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Material Weldability Data

Preface: Due to the complex nature of the subject matter, the following information is intended as a general summary guide in welding a particular alloy utilizing the gas tungsten arc or plasma arc process. Many variations and combinations of materials exist and thus welding applications are usually analyzed on a case by case basis.
Stainless Steels 302/304/309/316/321. All 300 series stainless steels have a high degree of weldability with the exception of 303/303SE which contain additives for ease of machining. 400 series stainless steels are often weldable but may require post weld heat treatment. Straight argon gas, Argon/Hydrogen, or Argon/Helium gases are employed according to the benefit required.
Carbon Steel The material specification of "carbon steel" is extremely vague as many grades exist. Low carbon steels may have high weldability and consistency if the material specification has tight tolerances. The addition of free machining additives usually has a detrimental effect on weldability. Susceptibility to cracking is an issue with high carbon steels and may require heat treatment.
Copper Alloys Oxygen free/Electrolytic tough pitch/Deoxidized/Beryllium coppers; these pure copper material have a high degree of weldability, the addition of other elements may present challenges and cause weld outgassing. It is recommended to remove any heavy oxide that might be present to improve weldability. Weld soundness decreases as oxide content increases. It is important to recognize that low melting elements such as lead, tellurium, sulfur, and zinc have an adverse effect on weldability and make the material susceptible to hot cracking. Welding gases normally employed are argon/helium mixtures.
Aluminum Alloys The weldability of aluminum material varies very much according to the alloy involved. There are two basic issues involved in welding Aluminum; 1) Removal of surface oxides in order to create a clean surface to weld, 2) Preventing cracking of the material after welding. Preweld cleaning of aluminum is essential for optimum weld quality. A source of contamination is the oxide layer present on all aluminum alloys. Base metals such as 1100 and 3003 have a relatively thin oxide coating as fabricated, while 5xxx and 6xxx series alloys generally have a thick dark oxide coating. The thicker the oxide, the greater its adverse effect on weld metal flow, solidification, and degree of porosity. Some aluminum alloys require a filler material to prevent cracking. Alloys 1100/2219/3003 have been successfully welded in production using direct current (DC). The 6061 alloy causes more difficulties and is usually welded with a filler material (4043, 718 or other) using AC which provides a cleaning action but may limit automation. Shield gas is normally argon or helium.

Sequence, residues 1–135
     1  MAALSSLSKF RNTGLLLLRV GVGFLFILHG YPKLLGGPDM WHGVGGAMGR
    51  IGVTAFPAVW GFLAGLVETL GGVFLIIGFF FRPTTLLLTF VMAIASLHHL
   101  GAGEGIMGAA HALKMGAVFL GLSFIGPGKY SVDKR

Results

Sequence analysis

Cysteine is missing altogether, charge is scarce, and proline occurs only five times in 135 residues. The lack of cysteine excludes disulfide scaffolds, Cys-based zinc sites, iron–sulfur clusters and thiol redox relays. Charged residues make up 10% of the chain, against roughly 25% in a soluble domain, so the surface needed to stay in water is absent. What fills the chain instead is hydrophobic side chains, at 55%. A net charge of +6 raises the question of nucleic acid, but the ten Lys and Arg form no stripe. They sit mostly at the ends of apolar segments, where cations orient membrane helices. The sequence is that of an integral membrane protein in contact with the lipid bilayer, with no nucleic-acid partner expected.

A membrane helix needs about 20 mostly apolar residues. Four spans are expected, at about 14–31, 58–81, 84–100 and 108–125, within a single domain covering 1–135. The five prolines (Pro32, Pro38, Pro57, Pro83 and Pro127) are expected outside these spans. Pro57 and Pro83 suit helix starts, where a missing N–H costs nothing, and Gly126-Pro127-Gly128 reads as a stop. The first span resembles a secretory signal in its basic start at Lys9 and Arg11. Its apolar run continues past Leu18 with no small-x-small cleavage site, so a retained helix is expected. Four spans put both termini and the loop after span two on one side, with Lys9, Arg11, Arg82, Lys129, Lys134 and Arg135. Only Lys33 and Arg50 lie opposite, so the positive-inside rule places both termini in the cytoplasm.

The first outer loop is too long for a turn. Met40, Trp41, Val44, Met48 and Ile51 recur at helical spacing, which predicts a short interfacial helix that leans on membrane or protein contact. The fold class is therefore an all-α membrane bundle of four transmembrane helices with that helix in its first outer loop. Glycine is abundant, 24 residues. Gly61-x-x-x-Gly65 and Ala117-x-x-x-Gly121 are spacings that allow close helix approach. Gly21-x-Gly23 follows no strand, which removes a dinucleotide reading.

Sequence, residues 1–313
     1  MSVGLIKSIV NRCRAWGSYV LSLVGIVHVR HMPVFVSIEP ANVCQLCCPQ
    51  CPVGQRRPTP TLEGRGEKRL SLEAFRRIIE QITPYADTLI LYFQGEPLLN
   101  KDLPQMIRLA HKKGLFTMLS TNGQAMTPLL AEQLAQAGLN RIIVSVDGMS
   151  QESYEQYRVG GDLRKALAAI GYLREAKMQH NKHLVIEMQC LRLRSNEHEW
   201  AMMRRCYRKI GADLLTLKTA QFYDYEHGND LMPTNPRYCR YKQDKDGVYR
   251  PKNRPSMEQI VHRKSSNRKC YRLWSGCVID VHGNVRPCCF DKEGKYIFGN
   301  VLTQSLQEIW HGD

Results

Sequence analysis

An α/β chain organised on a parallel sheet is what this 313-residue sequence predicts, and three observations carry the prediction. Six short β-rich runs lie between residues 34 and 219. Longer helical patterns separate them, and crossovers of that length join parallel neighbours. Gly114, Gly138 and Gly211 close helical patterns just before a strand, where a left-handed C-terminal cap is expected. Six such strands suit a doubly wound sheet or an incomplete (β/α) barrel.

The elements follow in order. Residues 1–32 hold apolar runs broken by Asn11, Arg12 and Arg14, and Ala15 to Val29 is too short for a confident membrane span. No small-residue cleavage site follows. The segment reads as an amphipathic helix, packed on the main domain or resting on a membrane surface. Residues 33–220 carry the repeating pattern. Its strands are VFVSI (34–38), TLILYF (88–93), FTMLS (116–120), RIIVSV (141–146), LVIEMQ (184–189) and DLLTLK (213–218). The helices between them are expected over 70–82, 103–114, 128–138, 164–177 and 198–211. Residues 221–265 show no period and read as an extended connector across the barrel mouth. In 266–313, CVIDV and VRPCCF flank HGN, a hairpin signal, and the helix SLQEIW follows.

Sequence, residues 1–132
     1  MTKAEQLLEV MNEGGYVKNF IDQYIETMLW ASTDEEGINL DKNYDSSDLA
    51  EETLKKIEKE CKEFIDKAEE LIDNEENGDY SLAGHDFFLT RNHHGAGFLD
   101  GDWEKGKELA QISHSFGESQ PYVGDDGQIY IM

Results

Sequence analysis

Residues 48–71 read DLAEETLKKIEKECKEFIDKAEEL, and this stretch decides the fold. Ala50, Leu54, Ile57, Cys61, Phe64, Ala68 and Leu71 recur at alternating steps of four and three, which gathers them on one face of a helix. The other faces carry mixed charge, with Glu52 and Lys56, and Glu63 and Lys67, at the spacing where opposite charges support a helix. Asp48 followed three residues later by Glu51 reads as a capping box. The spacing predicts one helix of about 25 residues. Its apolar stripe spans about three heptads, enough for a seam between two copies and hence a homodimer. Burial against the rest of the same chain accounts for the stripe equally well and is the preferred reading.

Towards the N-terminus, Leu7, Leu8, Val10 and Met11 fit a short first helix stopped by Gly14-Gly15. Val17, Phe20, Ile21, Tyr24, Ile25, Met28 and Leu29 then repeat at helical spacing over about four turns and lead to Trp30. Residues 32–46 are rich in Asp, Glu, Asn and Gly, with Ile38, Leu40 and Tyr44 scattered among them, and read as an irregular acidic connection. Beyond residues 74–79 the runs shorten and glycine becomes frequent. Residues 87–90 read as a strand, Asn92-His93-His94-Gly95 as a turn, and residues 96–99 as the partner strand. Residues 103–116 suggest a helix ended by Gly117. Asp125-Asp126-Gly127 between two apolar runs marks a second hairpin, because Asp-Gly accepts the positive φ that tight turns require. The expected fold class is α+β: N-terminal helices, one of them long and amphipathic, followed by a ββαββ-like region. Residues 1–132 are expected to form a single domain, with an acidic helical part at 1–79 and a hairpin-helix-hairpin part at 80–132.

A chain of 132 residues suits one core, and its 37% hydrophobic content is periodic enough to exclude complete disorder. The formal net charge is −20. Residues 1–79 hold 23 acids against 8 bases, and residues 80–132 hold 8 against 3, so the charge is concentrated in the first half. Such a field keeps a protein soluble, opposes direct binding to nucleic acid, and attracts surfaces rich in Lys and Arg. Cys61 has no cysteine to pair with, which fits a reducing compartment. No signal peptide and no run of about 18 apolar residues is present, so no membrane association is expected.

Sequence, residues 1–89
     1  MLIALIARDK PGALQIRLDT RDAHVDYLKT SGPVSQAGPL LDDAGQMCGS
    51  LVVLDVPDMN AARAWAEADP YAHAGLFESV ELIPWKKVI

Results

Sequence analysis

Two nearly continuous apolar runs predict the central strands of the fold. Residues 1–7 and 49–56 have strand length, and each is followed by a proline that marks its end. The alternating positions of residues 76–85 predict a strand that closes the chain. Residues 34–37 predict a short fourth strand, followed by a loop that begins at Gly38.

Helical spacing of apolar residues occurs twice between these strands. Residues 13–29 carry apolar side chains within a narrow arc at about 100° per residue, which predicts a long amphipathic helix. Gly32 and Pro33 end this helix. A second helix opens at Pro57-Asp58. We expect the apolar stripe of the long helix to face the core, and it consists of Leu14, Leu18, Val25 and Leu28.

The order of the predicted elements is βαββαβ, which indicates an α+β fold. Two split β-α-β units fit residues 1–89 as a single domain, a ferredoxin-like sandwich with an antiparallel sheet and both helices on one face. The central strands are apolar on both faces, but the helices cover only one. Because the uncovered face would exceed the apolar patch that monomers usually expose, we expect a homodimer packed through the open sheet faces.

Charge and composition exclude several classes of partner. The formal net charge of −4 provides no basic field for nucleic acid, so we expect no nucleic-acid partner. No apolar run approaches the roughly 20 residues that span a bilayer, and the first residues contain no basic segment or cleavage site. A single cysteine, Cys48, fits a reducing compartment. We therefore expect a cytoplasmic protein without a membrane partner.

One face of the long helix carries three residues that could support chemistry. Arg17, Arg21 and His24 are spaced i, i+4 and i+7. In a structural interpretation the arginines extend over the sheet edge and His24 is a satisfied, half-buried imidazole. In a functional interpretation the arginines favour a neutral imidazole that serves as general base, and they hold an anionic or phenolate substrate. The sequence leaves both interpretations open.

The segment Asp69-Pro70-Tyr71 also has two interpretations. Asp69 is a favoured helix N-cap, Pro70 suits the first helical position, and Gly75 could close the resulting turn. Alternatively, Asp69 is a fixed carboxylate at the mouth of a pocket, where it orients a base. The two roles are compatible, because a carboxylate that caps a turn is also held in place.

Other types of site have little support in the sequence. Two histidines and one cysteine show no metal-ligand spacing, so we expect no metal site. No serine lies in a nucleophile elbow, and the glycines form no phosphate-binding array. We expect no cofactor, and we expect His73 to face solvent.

Nickel Base Alloys Inconel 600/625/718/750. Most nickel base alloys possess a high degree of weldability. The precipitation aged hardened group however may require a post weld heat treatment. Monel, Hastalloy and other alloys may present challenges with surface oxides and molten material flow. Argon/Hydrogen gas mixes are generally used to reduce oxides back into the base metal. The net effect is to provide a oxide free weld pool with greater fluidity that wets out and flows more consistently.
Titanium alloys Unalloyed titanium is available in several grades ranging in purity from 98.5 to 99.5% and generally possess good weldability. All grades are usually welded in the annealed condition. Welding of cold worked alloys anneals the heat affected zone (HAZ) and negates the strength produced by the cold working. Titanium is often post weld heat treated or cold worked to restore the mechanical properties. Titanium should have no discoloration after welding which shows contamination when the metal was hot. Trailing shields or welding in a chamber are often employed. High shield gas purity is most desirable. The shield gas should have a dew point of -60degrees F or lower. The hose(es) used for shielding gas should be clean, nonporous, and flexible. Because rubber hose absorbs air, it should not be used. Shield gases employed are argon or helium or a combination of both.
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